Based upon the main Greek and Latin literary sources, the work offers a range of information and anecdotes on doctors, pathologies and most importantly medications.
A very rich pharmacopoeia, used by kings and queens, but also by common people, in which a key place is occupied by ingredients derived from animals such as the hyena, the crocodile and the chameleon, or by plants such as silphium, burning bush, hellebore and mandrake, whose healing power against the most different ailments became at times proverbial.
What emerges is a multifaceted universe, in which, often without too many distinctions, medications are juxtaposed with potions and antidotes, the doctor's role overlaps with that of the priest and the magician, herbalists are found amongst sellers of remedies, people gathering roots and even perfumers: surviving snippets of the Greek and Roman world, captured in a lesser known aspect of its daily life.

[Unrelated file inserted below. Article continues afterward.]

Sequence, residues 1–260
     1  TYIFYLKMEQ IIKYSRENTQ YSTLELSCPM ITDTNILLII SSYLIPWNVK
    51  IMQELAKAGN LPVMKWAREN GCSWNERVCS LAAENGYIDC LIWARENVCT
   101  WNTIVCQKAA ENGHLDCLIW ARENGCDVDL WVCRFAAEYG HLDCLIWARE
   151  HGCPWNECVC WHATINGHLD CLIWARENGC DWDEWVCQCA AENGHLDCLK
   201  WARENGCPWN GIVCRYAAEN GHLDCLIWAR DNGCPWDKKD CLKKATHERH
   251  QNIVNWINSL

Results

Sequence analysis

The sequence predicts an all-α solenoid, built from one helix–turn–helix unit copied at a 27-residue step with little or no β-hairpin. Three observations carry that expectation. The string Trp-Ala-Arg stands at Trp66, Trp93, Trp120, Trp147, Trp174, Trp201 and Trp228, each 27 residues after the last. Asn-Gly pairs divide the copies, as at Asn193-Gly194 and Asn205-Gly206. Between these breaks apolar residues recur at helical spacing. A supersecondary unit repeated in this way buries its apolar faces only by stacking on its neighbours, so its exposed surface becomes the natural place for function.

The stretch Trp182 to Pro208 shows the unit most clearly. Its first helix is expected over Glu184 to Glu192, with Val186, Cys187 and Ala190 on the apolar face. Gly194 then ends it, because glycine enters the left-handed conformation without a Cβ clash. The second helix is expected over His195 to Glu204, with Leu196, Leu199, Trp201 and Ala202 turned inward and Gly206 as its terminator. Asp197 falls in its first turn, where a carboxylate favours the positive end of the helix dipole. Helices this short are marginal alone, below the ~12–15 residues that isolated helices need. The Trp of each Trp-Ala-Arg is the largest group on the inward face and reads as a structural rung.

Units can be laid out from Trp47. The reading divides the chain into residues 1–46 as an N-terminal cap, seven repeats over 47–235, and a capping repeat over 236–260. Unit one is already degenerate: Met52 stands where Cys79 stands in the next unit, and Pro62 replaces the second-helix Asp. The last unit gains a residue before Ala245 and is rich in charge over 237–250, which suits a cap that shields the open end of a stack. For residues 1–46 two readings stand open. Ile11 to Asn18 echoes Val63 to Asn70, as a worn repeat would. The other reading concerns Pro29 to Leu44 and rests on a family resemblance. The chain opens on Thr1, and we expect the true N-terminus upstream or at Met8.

Giuseppe Squillace teaches Greek Epigraphy at the University of Calabria. Author of numerous artifices and essays on the ancient world, he has published, amongst other works, Philip II of Macedon (Laterza 2009), Perfume in the ancient world (Olschki, 2010), Menecrates of Syracuse. A doctor of the IV century B.C. between Sicily, Greece and Macedonia (Georg Olms 2012), Sappho's gardens (Carocci 2014), Myrrh's tears (Il Mulino 2015).